I know the Solo 401k is only for self-employment businesses without employees (other than the owner). What if I want to hire employee(s) in the future?
The Solo 401k plan is an Owner-Only plan. You cannot set up a Solo 401k/ Owner-Only plan if you have full-time employees. (Full-time employees are defined as those who work over 1,000 hours within a 12-month period). The only exception is a spouse who also works for the business.
If you would like to hire employee(s) in the future, please remember that the employee must work under 1,000 hours in a 12-month period. Otherwise, you may become ineligible for the Solo 401k plan.
To ensure compliance, it is important that you, as the employer, do two things:
- Notify Sense Financial Services immediately if you have hired an employee (other than your spouse). Having an employee will require your plan documents to contain eligibility criteria. Unless you have notified us, your plan documents do not contain this eligibility criteria. It is important to notify us as soon as possible so your plan documents can be updated to reflect this change.
- Keep track of the number of hours that the employee works in a 12-month period. Once the employee hits 1,000 hours within a 12-month period, he/she automatically becomes eligible for the Solo 401k plan. This causes you to become ineligible for the Solo 401k plan.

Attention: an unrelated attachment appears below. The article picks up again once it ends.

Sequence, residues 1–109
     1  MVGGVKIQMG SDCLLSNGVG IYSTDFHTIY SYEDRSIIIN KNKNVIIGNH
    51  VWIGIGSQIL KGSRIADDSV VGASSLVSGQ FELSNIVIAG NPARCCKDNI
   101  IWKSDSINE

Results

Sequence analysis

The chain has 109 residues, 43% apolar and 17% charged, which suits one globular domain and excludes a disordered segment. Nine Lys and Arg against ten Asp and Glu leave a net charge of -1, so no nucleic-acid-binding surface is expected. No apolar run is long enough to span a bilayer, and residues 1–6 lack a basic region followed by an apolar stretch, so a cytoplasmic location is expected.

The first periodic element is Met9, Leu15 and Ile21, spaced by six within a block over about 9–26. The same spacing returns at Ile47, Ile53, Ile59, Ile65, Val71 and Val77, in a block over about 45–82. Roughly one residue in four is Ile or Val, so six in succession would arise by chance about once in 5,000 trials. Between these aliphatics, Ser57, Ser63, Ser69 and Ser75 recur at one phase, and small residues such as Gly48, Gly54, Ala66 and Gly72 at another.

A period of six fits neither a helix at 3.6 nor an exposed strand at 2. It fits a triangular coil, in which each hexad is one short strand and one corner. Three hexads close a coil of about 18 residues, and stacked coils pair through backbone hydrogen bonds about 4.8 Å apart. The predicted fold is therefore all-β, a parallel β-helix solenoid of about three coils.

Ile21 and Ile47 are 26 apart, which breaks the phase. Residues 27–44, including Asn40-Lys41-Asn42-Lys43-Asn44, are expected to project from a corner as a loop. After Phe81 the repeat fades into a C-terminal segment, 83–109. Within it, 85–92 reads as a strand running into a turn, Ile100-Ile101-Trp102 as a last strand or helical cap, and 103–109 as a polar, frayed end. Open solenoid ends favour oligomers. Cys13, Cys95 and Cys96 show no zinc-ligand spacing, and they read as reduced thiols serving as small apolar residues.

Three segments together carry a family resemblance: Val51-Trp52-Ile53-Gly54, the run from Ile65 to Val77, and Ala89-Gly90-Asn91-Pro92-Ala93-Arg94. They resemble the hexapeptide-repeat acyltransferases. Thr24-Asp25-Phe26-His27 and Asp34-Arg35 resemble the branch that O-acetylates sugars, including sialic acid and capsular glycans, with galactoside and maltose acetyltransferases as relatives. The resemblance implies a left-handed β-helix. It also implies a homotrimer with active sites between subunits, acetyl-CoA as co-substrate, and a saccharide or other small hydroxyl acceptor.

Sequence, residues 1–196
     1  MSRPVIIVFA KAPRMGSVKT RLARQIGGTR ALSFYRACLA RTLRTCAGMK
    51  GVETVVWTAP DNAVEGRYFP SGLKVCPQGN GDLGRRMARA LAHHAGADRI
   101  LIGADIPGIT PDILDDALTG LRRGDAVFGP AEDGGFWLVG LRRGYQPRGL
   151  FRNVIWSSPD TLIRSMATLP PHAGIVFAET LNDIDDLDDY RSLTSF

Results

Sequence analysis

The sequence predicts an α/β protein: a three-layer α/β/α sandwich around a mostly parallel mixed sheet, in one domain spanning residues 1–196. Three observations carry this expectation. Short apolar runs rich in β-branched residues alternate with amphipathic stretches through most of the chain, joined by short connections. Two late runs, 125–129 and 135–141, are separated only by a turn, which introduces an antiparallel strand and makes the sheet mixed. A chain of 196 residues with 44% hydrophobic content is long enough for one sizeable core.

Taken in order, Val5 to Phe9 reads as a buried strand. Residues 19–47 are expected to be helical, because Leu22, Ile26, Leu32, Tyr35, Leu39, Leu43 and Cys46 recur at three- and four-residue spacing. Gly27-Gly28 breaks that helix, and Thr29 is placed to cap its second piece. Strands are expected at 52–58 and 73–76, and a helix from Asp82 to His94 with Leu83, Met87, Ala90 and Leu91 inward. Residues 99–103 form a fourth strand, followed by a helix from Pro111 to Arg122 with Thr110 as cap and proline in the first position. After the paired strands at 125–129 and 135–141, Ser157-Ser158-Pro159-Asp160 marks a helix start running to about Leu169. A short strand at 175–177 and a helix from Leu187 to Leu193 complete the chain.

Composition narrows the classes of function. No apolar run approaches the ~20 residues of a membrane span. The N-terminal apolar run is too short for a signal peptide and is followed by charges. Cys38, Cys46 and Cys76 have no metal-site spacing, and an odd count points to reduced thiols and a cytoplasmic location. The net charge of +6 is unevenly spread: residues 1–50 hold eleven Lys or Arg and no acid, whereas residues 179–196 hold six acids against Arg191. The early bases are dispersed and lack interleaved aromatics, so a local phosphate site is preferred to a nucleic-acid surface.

If you do hire full-time employees who meet the eligibility criteria, you must offer them the same benefits (e.g. a 401k plan). The Solo 401k is not set up to have any other employees besides the owner and his/her spouse. With full-time employees, you will have to terminate the Solo 401k plan and switch to a 401k plan which can include employees.
If you decide to terminate your Solo 401k plan, you will have to file a final 5500-EZ form with the IRS and transfer the funds out to another qualified plan. If you have assets in your Solo 401k plan such as real estate, you will need a self-directed type of plan or account to transfer your funds into. Most retirement plans will not accept assets such as real estate.
Self-directed 401k plans which include employees are expensive to maintain. Though it is possible, you may not want to go that route. Your two best options would then be:
- Terminate the Solo 401k plan. Set up a self-directed IRA and transfer all of your assets including real property into it.
- Freeze your Solo 401k plan when you have eligible employees. Freezing a plan allows you to maintain your investments and continue to manage it as the trustee. However, you can no longer contribute to the plan.